The Values Blog
by Howard Elsey
A lot of our lives revolve around the notion of values, although we are not always conscious of this reality.
For example: our weekly supermarket shop. Do you hunt out the two-for-one offers or compare the price per kilogramme or volume between different products or sizes? For you, it is about price and you aren't concerned about quality (perceived or not?). If you said no, is that because you go for brands - the trust you put in their consistency? In other words, are you pricing the value of economics, the sense of being ripped off or the values that attract you to be loyal to a brand?
Picture: Supermarket shopping - Do you shop on price or quality? - www.edinburghnews.scotsman.com
This shows us value in terms of objects’ worth, intrinsically, or as determined by market forces, or what we personally attribute to an object and through our needs. These values are objective or emotional, or a bit of both. To other people, and ourselves, we attach another set of values. The application of "worth" defined by a person's values is different because of a different dimension.
In our lives, we have rules and regulations to keep us within the rails of the general values of society, those elements of how not to behave which makes us feel secure and give a sense of belonging to the like-minded, in the wider sense. Is it acceptable to argue these societal values are embedded deeply in us? My thinking is, they are.
People in public life are expected to act honestly and ethically and without personal interest. They are given rules and are held to account (we hope) if they transgress those rules. Are these values we simply expect of others or ones we believe we also live by? If it's the former how does that reconcile? If we demand public servants to uphold values we don't uphold, then how can we hold them to account? These are personal values after all.
Indeed, I would say societal values and those we expect public servants to uphold, are all personal values. Do you live by the same values? Do you know what your values are? It’s easy to instinctively say yes. But to dig deeper and spell out those values may be tricky, as it was for me. So how do you discover what your values are?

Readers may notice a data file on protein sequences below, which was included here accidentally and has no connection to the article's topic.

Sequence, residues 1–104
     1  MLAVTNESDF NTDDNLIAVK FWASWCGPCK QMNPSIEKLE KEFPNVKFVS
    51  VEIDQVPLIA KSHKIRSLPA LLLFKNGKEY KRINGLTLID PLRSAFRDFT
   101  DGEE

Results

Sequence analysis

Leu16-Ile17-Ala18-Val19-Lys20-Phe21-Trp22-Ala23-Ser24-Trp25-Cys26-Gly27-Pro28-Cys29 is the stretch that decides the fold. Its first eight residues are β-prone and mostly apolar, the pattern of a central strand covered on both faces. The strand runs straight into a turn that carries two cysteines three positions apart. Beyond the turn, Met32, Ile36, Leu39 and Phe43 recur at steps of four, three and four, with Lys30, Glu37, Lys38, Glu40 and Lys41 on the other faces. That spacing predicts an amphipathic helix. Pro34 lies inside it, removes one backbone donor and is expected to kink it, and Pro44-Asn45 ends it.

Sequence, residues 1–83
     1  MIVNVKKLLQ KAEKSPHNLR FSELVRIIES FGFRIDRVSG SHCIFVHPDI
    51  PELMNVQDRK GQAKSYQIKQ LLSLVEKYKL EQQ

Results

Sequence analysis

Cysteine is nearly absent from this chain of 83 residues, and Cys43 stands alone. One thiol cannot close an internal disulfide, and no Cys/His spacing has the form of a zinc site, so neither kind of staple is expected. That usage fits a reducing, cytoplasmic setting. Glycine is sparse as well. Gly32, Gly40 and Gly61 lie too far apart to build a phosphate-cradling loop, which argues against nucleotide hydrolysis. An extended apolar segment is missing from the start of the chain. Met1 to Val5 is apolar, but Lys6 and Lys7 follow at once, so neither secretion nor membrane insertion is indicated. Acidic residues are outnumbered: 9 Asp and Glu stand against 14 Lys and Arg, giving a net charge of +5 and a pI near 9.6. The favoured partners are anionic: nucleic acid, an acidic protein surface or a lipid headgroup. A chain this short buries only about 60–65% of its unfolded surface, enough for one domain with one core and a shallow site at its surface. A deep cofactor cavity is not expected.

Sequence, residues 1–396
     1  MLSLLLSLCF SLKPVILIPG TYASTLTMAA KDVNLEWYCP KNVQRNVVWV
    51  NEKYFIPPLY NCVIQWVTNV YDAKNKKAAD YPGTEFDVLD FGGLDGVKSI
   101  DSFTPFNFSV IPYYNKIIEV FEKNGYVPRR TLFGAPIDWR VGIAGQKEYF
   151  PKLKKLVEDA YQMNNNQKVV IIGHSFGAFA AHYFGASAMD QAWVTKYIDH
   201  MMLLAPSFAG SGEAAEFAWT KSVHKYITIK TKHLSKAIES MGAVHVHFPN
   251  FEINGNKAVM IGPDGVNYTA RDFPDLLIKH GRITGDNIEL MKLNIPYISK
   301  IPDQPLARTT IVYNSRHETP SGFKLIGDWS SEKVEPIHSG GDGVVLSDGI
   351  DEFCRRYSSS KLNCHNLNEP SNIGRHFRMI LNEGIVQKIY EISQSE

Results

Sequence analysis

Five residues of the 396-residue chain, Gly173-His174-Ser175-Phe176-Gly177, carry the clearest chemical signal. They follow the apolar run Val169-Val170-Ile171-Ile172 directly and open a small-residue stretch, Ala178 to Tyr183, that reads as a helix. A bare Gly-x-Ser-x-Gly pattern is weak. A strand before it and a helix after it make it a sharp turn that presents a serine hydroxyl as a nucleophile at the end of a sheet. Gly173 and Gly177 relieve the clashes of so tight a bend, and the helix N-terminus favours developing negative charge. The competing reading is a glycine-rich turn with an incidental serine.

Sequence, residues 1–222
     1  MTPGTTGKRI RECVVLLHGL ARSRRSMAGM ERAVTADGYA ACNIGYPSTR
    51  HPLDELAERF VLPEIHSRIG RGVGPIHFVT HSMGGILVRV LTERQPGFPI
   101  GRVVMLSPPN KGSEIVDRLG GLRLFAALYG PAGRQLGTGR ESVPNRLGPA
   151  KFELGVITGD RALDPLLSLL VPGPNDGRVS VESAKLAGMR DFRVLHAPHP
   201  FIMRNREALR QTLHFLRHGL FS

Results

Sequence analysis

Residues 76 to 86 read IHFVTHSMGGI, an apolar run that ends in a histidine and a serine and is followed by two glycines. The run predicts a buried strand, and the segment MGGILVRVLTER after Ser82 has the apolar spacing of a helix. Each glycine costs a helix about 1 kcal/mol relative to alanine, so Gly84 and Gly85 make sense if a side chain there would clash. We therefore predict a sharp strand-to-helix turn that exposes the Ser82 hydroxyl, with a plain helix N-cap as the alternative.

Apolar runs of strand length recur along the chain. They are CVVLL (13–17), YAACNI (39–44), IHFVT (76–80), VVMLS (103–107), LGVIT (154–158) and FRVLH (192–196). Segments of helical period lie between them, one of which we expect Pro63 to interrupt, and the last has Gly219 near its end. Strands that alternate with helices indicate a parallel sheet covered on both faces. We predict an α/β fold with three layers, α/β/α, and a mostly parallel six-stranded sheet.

YouTube video: Carole Douillot - Teacher to Transformational Coach & Multipotentiality
Personal coach, Carole Douillot, says you have to ask yourself what is important to you, what do you enjoy doing or would do in a given situation. Next, determine what you derive from those responses and encapsulate those take-outs in one word. (If that is difficult the opposite approach can be taken, e.g., what you dislike doing/avoid doing – See my Simple Step blog.).
Discovering Your Values
An example would be to identify the times when you were happiest, most proud, fulfilled and satisfied. Then ask yourself questions like 'What did you feel like?' when you were most happy/proud/fulfilled? What initiated that feeling – what was stirred in you? Did other people share the happiness/pride/fulfilment? Why was it meaningful? What other factors contributed to those feelings?
The next step is to reduce what may be a few words or a sentence to one word – a value. Words such as accomplishment, nurturing, connectedness, focus, creativity, honesty. A web search for “value words” will provide inspiration if you become stuck.
Another method would be to identify valued connections and/or role models and consider what values they embody and you align with. A friend for loyalty, a family member for kindness or maybe a colleague for listening skills. To validate your choices consider those values you chose over a few days. Be mindful of choices you make, particularly key decisions both at home and work. Then consider if those values you chose are reflected in how you live your life.
The exercise might well come to a lengthy list. So, to get to the core value the list needs whittling down by seeing how they "feel" on you - like a set of clothes - how's the fit? Do they feel comfortable. Do they reflect how you live? Would you defend your choice? And how are they manifested in the important decisions in your life, the way you spend your time and what you strive for?
Values Influence Our Beliefs
What is this approach founded on? It reflects the assertion our values influence our beliefs, which in turn affects our emotions - which drives our thoughts - from which our responses and actions arise. That's the importance of values. They are at the foundation of what we do. It's also important we live our personal values to have a chance of fulfilment. Or to align the way we are driven to act with the aspirations of who we want to be.
To Fly or Not to Fly? That is the question. / dw.com
However, where we believe we are, say, environmentally conscious, we may compromise values because of desire. We know we shouldn't fly but we feel the need for a holiday in the sun. We seem to find it easy to justify our variance to seemingly fundamental beliefs and behaviours. When that variance benefits something we desire over our values!
Values - they are important to the core of our identity, what we expect of others with whom we have relationships and those in the wider context of society. Values are behind how we and others act and do. So, I believe we should judge ourselves and act in a way we would expect of others.
Howard Elsey is an innovation practitioner, start-up advisor and mentor and a consultant, interim and an SME in payments and personal data.